October typically brings to mind the real start of fall, as we get rid of triple digits and welcome the cool mornings and evenings along with – hopefully – seeing a little bit of rain.
It was a few weeks back when we got those first sprinkles; there was literally a couple of lightning flashes to brighten up the night sky, one or two good rumbles of thunder and just enough raindrops to get us out on the back patio whooping and hollering.
I was remembering back to my nephew’s first birthday, years ago in upstate New York, his birthday party on October 4 had to be postponed because of an ice storm. And it was a major one, with travel nearly impossible, the ice build-up causing some tree limbs to break and causing havoc with the power lines. My sister-in-law’s family had about a 90-minute or so drive to attend and it just wasn’t safe. So his early October birthday party fell victim to winter weather.
But that’s upstate New York, where you can get snow and ice as early as October and as late as May, it just depends on the year. We had so much snow one Thanksgiving, my brother and I hadn’t even put our bicycles away for the winter yet. I think that was the year he had the idea to dismantle an old bike, take the tires off and put the front part of a ski where the tires were supposed to be. He used that to ride down the snow drifts. A unique contraption and it took some practice to get your balance on a bicycle with skis.
This October is a little different; as we look for the autumn weather we are also gearing up for the Relay For Life – we will be in person at John Thurman Field in Modesto on Saturday and Sunday, Oct. 9 and 10. We kick it off with the Opening Ceremony on Oct. 9 at 9 a.m. and settle in for 24 hours of fun, fundraising, activities, music, food and more.
We have always done our American Cancer Society Oakdale area Relay For Life in the spring, usually late April or early May. It has been somewhat unpredictable over the years too, sometimes with rainy weather, sometimes with 90-plus degrees. This year, I feel the need to pack an extra blanket and a sweatshirt or two, because I am thinking they might be necessary when I am out on the track at 3 a.m.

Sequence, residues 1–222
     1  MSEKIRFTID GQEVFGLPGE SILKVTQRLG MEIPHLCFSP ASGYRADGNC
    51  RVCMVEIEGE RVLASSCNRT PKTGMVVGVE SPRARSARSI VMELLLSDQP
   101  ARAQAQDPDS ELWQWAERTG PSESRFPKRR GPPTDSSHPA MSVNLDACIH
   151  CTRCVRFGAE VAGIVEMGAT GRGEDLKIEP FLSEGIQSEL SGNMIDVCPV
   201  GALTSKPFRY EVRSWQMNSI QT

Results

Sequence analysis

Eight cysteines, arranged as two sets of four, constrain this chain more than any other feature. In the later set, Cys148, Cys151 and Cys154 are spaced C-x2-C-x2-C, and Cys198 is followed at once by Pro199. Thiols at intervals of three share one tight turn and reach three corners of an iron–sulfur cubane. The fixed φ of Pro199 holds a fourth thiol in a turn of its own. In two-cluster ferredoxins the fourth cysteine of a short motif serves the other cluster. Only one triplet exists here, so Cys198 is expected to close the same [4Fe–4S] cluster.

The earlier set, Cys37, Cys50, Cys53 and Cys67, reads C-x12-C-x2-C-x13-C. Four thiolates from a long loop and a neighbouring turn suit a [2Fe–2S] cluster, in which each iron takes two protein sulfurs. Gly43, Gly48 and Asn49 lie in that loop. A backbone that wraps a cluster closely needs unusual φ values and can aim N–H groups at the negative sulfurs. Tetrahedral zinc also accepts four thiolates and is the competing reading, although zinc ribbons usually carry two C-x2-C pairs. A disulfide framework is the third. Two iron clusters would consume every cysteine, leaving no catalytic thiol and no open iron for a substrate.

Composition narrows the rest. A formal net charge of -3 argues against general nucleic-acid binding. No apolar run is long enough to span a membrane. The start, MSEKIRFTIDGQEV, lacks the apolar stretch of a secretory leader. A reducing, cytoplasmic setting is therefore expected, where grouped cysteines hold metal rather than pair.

Another change for this year is that we are a much larger combined event; Escalon and Riverbank a few years ago joined in with Oakdale for a consolidated regional Relay. For 2021, Modesto, Oakdale and Turlock – along with the smaller surrounding communities – have been brought together for the Relay For Life of Greater Stanislaus County. With the impact of COVID-19 last year, we were unable to have an in person Relay For Life. We did some fundraising, some online events, a virtual Relay day through Facebook Live and locally, wrapped it up with a drive-thru luminaria.
It at least gave us an opportunity to stay involved but not being able to have an in person event was definitely tough, especially when you have been taking part for nearly 20 years.
So myself, along with fellow committee members, the ELT – Event Leadership Team – are excited to be back; 24 hours, a huge venue, great communities working together to put on an awesome event. Face to face and 24 hours, the way it should be.
I get to emcee with Pete Simoncini once again and our Opening Ceremony keynote speaker is longtime friend, co-worker and now one of our ‘Purple Shirt’ survivors, Teresa Hammond.
We welcome everyone; you don’t need to be on a team to come in and spend some time (and maybe some money to support the ACS mission) during the day to check out the booths, the food, the entertainment, the theme laps and more. Hope to see you there.
Marg Jackson is editor of The Escalon Times, The Oakdale Leader and The Riverbank News. She may be reached at firstname.lastname@example.org or by calling 847-3021.